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Air Accidents Investigation Branch

By Wikipedia,
the free encyclopedia,

http://en.wikipedia.org/wiki/Air_Accidents_Investigation_Branch

The Air Accidents Investigation Branch (AAIB) investigates air accidents in the United Kingdom. It is a branch of the Department for Transport and is based at Farnborough Airfield in Farnborough, Hampshire.

History

The AAIB was established in 1915 as the Accidents Investigation Branch (AIB) of the Royal Flying Corps (RFC). Captain C B Cockburn was appointed "Inspector of Accidents" for the RFC, reporting directly to the Director General of Military Aeronautics in the War Office.

After the end of World War I, the Department of Civil Aviation was set up in the Air Ministry and the AIB became part of that Department with a remit to investigate both civil and military aviation accidents.

Following the Second World War a Ministry of Civil Aviation was established and in 1946 the AIB was transferred to it, but continued to assist the Royal Air Force with accident investigations - a situation which has continued ever since.

After working under various parent Ministries the AIB moved to the then Department of Transport in 1983 and in November 1987 its name was changed to the Air Accidents Investigation Branch (AAIB). Latterly, the AAIB has become part of the reorganised Department for Transport (DfT) since 2002.

Organisation

The AAIB has 53 employees.

These are:

  • Chief Inspector of Air Accidents
  • Deputy Chief Inspector of Air Accidents
  • 5 teams of Inspectors from all disciplines led by a Principal Inspector

AAIB Inspectors fall into one of three categories:

  • Operations Inspector - must hold a current Airline Transport Pilots Licence with a valid Class I medical certificate. Able to offer appropriate command experience on fixed wing aircraft or helicopters. Broad based knowledge of aviation.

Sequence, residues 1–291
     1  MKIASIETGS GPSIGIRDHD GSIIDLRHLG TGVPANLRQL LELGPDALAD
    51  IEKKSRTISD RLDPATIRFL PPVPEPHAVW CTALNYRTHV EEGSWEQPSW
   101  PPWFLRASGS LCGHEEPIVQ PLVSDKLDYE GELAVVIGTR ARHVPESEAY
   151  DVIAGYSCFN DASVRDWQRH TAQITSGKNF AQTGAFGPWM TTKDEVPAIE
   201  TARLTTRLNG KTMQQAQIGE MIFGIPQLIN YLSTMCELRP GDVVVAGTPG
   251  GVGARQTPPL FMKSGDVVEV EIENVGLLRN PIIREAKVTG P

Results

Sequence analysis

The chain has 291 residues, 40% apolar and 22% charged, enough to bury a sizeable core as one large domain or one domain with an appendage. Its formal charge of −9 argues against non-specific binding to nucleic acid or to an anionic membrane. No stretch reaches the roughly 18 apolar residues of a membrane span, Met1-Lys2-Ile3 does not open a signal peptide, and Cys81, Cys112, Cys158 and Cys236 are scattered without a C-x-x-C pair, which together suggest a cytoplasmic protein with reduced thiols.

• Engineering Inspector - must hold an Engineering degree and/or be a Chartered Engineer with a minimum of 5 years' post qualifications experience. Knowledge and experience of modern aircraft control systems.
  • Flight Recorder Inspector - degree level in electronics/electrical engineering or an aeronautical engineering related subject and/or is a chartered member of a relevant engineering institute with 8 years' experience since qualifying. Knowledge and experience of modern avionics.

There is also a Head of Administration who is supported by two teams, the Office Management Unit and the Information Unit, which deal with Finance and Publications.

AAIB administrative staff are part of the Department for Transport (DfT) and are recruited according to civil service guidelines.

Investigations

The AAIB conducts investigations defined under one of two categories; "Accident" or "Serious Incident".

An "Accident" occurs where a person suffers a fatal or serious injury, the aircraft sustains damage or structural failure which adversely affects its performance, or where the aircraft is missing or inaccessible.

A "Serious Incident" means an incident where an accident nearly occurred.

Air disasters

The AAIB has investigated the following air disasters:

See also

External links




Text from Wikipedia is available under the Creative Commons Attribution/Share-Alike License; additional terms may apply.


Published - July 2009














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